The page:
HOW TO MARRY A MILLIONAIRE, which premiered in L.A. on Nov. 4, 1953, was 20th Century-Fox’s first CinemaScope feature, but the studio didn’t release it until after it had opened THE ROBE.
ROBE, a biblical drama, started production before the romantic musical comedy MILLIONAIRE began shooting. Although MILLIONAIRE was ready first, Fox chose ROBE as its initial CinemaScope release on Sept. 16, 1953, because it seemed likely to attract a bigger audience to experience the new widescreen process.
CinemaScope led the way as Hollywood fought new competition in the early ’50s from the fast-growing home entertainment medium television. Ticket sales plunged because of the small screen’s sudden popularity and studios decided that making theatre screens look bigger was the best way to fight TV. Fox’s CinemaScope was an anamorphic lens process that followed the more complicated Cinerama, which required three large curved screens and specially constructed theatres. CinemaScope’s screen was an extended wide rectangle that only needed a lens adapter fitted to existing theatre projectors.
MILLIONAIRE teamed up two top Fox stars, Betty Grable & Lauren Bacall, with the studio’s new blonde bombshell — Marilyn Monroe. Grable got top billing in the credits because of her contract, but Fox knew it was Marilyn who really had moviegoers’ attention and put her first in the film’s trailers & posters.
Looking back at the CinemaScope technology, Bacall explained in her 1979 autobiography “By Myself” that it was challenging for actors because they couldn’t be too close to one another due to the long narrow screen. On the other hand, the technical demands of setting up CinemaScope shots now had directors filming longer scenes. Bacall, with her theatrical background, liked that because it was more like working on stage.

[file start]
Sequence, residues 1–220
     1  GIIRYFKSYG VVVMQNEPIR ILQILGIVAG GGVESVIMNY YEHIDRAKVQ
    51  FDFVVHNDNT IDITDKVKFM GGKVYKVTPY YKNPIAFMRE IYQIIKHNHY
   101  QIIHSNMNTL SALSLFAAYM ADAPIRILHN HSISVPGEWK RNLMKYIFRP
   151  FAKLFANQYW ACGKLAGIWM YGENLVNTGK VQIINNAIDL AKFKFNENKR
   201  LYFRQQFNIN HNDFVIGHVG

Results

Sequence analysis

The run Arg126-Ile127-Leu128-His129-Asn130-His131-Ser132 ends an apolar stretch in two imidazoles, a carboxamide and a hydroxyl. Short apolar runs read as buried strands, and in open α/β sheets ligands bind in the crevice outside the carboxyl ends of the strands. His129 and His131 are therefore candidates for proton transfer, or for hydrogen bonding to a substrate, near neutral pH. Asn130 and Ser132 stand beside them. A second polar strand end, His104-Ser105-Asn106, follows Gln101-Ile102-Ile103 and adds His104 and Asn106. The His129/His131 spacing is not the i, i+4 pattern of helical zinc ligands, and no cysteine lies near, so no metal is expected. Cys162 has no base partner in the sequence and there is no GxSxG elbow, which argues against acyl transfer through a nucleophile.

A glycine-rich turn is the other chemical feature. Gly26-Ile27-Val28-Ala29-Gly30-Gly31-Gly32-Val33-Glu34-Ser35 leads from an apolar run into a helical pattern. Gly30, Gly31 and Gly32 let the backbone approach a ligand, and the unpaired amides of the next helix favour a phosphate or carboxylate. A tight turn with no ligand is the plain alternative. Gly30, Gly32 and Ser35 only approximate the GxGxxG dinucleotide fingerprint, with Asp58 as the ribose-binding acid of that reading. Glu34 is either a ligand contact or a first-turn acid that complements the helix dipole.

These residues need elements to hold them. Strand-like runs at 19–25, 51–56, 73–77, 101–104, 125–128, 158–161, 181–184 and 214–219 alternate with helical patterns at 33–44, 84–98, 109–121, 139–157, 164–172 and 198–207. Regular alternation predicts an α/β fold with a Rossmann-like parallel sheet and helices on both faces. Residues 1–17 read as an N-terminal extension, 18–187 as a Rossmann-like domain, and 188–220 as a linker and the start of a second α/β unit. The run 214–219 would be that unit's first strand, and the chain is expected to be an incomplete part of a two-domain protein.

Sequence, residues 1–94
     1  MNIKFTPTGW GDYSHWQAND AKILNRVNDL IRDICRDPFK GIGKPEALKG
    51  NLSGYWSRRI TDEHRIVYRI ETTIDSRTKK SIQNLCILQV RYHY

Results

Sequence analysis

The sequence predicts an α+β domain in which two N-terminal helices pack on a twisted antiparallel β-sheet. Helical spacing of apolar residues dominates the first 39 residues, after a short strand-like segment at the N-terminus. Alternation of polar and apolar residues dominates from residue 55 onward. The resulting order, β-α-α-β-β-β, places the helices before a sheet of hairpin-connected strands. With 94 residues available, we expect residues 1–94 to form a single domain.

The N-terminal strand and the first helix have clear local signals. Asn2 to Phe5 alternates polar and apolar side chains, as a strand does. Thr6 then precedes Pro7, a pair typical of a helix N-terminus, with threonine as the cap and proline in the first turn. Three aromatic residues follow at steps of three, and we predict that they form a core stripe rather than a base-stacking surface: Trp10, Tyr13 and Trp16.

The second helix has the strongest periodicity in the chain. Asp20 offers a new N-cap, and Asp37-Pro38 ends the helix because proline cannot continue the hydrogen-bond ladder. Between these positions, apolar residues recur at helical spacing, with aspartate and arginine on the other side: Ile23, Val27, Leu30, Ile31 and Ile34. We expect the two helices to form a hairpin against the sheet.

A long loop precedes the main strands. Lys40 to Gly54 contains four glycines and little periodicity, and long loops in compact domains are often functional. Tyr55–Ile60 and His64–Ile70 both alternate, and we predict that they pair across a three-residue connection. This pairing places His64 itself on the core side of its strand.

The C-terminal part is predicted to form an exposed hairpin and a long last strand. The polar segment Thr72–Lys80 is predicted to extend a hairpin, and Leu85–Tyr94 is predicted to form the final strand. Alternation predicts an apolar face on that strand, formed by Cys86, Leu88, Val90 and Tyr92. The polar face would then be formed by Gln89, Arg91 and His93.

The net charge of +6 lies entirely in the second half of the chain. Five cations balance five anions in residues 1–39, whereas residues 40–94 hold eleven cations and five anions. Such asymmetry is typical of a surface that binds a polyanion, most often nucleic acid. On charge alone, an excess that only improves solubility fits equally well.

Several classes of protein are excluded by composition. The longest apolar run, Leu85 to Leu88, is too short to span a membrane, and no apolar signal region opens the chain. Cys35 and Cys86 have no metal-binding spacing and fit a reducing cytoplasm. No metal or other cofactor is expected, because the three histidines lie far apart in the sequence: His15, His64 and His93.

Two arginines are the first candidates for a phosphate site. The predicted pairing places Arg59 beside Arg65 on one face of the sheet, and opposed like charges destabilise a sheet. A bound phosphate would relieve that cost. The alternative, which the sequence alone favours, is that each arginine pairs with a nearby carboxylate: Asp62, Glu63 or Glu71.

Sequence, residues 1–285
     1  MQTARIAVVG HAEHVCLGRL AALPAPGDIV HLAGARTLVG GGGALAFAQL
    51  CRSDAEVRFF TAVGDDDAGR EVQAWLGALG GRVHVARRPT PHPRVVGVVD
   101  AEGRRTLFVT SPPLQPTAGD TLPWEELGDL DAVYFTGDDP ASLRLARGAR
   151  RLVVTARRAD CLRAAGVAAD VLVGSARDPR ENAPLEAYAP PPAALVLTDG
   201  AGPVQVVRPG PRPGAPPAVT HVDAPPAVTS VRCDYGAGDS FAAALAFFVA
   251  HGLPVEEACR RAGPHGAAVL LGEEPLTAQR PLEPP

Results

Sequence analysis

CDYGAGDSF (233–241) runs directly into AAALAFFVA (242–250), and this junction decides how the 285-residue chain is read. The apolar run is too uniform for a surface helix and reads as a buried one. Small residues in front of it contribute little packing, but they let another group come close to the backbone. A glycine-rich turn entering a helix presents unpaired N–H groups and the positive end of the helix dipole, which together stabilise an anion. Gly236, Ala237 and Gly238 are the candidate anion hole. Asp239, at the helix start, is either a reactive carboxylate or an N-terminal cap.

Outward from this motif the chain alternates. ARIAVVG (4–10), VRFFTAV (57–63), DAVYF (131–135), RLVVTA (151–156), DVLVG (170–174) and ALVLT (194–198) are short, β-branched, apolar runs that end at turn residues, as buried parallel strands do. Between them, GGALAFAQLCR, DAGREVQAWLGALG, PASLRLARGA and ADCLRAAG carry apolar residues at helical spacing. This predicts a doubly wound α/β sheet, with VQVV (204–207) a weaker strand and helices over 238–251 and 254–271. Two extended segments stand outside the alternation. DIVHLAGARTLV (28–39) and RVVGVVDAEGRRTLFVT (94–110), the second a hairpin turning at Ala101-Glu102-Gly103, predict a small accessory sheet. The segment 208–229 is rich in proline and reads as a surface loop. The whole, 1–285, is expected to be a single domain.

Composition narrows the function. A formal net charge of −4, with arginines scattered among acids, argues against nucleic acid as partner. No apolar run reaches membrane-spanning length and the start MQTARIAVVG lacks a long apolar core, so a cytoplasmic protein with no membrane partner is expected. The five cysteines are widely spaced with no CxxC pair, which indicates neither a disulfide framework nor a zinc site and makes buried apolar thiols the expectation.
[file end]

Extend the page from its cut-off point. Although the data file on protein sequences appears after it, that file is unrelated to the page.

Bacall also noted Marilyn’s insecurity and complete dependency on her personal acting coach rather than on MILLIONAIRE director Jean Negulesco, who went on to make such hits as THREE COINS IN THE FOUNTAIN (1954), WOMAN’S WORLD (1954) & DADDY LONG LEGS (1955). Marilyn, according to Bacall, would look at her acting coach for a nod of approval after every take — which explains why some shots wound up needing 15 or more takes.
Despite the pain that caused Bacall & Grable, they chose not to go to war with Marilyn. Instead, they tried hard to make the process easier for their inexperienced & insecure co-star so that, as Bacall put it, she’d “feel she could trust us. I think she finally did.”
It all paid off at the boxoffice. MILLIONAIRE, with a budget of $1.9M, had domestic rentals of $7.3M, big money then. It was 1953’s fourth biggest film, per Wikipedia. The biggest — Fox was right — was THE ROBE. It cost $5M to produce and was #1 with rentals of $17.5M.